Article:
Electron Configurations of Multielectron Atoms
Electron Configuration H: He: Li: N: 1s1 1s 1s2 1s 1s2 2s1 1s2 2s2 2p3 1s 2s OrbitalFilling Diagram
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Chapter 3/42
Electron Configurations of Multielectron Atoms
Electron Configuration H: He: Li: N: 1s1 1s 1s2 1s 1s2 2s1 1s2 2s2 2p3 1s 2s 1s 2s 2p
Chapter 3/43
OrbitalFilling Diagram
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Electron Configurations of Multielectron Atoms
Electron Configuration Na: 1s2 2s2 2p6 3s1 Ne configuration Shorthand Configuration [Ne] 3s1
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Chapter 3/44
Electron Configurations of Multielectron Atoms
Electron Configuration Na: P: 1s2 2s2 2p6 3s1 1s2 2s2 2p6 3s2 3p3 Shorthand Configuration [Ne] 3s1 [Ne] 3s2 3p3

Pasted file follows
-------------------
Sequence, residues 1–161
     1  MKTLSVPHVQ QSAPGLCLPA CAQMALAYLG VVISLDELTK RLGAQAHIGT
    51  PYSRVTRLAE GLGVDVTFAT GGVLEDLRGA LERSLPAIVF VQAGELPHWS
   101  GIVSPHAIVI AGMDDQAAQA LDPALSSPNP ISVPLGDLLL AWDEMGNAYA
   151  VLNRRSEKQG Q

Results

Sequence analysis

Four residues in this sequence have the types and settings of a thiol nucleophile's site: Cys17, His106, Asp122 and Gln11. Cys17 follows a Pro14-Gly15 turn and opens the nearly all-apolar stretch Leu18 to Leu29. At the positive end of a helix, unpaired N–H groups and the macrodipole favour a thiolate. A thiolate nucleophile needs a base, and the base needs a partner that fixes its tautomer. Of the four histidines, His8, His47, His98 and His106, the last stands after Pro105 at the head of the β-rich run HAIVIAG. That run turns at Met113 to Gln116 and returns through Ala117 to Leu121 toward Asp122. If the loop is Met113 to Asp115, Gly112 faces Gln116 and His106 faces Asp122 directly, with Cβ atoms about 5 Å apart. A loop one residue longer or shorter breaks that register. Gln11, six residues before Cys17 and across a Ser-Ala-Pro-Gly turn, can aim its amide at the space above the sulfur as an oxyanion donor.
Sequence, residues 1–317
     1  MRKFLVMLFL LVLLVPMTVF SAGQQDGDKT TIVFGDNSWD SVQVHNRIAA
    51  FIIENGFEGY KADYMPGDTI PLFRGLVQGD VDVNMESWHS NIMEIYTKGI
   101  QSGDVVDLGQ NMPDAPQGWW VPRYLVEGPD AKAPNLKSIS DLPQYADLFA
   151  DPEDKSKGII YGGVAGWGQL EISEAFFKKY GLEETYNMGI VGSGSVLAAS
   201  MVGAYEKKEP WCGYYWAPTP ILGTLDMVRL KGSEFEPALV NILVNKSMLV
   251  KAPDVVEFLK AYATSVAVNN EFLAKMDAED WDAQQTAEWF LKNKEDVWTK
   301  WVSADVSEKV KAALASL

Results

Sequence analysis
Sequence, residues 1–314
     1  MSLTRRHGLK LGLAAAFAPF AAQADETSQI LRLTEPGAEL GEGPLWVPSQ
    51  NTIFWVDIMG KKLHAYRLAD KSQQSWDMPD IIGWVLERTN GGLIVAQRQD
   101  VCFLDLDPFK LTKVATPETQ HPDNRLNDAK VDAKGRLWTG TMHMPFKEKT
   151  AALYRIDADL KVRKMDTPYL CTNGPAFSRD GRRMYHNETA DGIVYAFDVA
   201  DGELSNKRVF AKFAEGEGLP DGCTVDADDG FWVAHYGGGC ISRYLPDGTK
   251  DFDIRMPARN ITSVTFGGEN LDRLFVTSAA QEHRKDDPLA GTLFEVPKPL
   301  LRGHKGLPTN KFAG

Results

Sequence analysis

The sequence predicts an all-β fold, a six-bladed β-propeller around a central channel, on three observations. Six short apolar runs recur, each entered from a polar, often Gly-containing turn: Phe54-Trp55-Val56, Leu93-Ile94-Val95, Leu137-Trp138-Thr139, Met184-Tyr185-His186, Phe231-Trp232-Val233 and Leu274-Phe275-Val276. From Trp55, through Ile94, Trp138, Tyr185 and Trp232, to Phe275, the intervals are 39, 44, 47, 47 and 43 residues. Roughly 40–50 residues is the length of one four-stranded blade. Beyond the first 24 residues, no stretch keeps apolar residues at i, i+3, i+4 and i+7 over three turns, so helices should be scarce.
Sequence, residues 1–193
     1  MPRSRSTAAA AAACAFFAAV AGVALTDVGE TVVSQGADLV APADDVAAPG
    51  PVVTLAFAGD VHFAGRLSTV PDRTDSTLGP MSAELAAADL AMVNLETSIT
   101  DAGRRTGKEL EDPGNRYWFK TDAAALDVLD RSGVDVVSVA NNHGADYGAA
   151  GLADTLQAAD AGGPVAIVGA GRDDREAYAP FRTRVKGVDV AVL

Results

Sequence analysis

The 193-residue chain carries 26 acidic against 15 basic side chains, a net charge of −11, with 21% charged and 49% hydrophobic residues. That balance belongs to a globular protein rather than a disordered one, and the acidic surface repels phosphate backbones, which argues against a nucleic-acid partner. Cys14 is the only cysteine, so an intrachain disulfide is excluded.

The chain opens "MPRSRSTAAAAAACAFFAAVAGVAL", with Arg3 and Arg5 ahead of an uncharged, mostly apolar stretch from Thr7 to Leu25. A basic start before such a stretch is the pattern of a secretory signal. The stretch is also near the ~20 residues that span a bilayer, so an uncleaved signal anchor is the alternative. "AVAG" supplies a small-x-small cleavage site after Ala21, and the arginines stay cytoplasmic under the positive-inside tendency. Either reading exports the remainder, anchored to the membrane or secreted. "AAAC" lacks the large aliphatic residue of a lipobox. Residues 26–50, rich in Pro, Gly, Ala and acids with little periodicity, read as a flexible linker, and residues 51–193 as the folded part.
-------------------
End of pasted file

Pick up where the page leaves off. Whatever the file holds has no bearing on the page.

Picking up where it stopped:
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Chapter 3/45
Electron Configurations of Multielectron Atoms
Electron Configuration Na: P: K: 1s2 2s2 2p6 3s1 1s2 2s2 2p6 3s2 3p3 1s2 2s2 2p6 3s2 3p6 4s1 Ar configuration Shorthand Configuration [Ne] 3s1 [Ne] 3s2 3p3 [Ar] 4s1
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Chapter 3/46
Electron Configurations of Multielectron Atoms
Electron Configuration Na: P: K: Sc: 1s2 2s2 2p6 3s1 1s2 2s2 2p6 3s2 3p3 1s2 2s2 2p6 3s2 3p6 4s1 1s2 2s2 2p6 3s2 3p6 4s2 3d1 Shorthand Configuration [Ne] 3s1 [Ne] 3s2 3p3 [Ar] 4s1 [Ar] 4s1 3d1
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Chapter 3/47
Chapter 3/48
Some Anomalous Electron Configurations
Expected Configuration Cr: [Ar] 4s2 3d4 Actual Configuration [Ar] 4s1 3d5
Cu:
[Ar] 4s2 3d9
[Ar] 4s1 3d10
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Chapter 3/49
Electron Configurations and the Periodic Table
Valence Shell: Outermost shell.
Li: 2s1 Na: 3s1
Cl: 3s2 3p5 Br: 4s2 4p5
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Chapter 3/50
Electron Configurations and Periodic Properties: Atomic Radii
Chapter 3/52
Electron Configurations and Periodic Properties: Atomic Radii
Chapter 3/53
Electron Configurations and Periodic Properties: Atomic Radii
column radius
row
radius
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Chapter 3/54
Chapter 3/55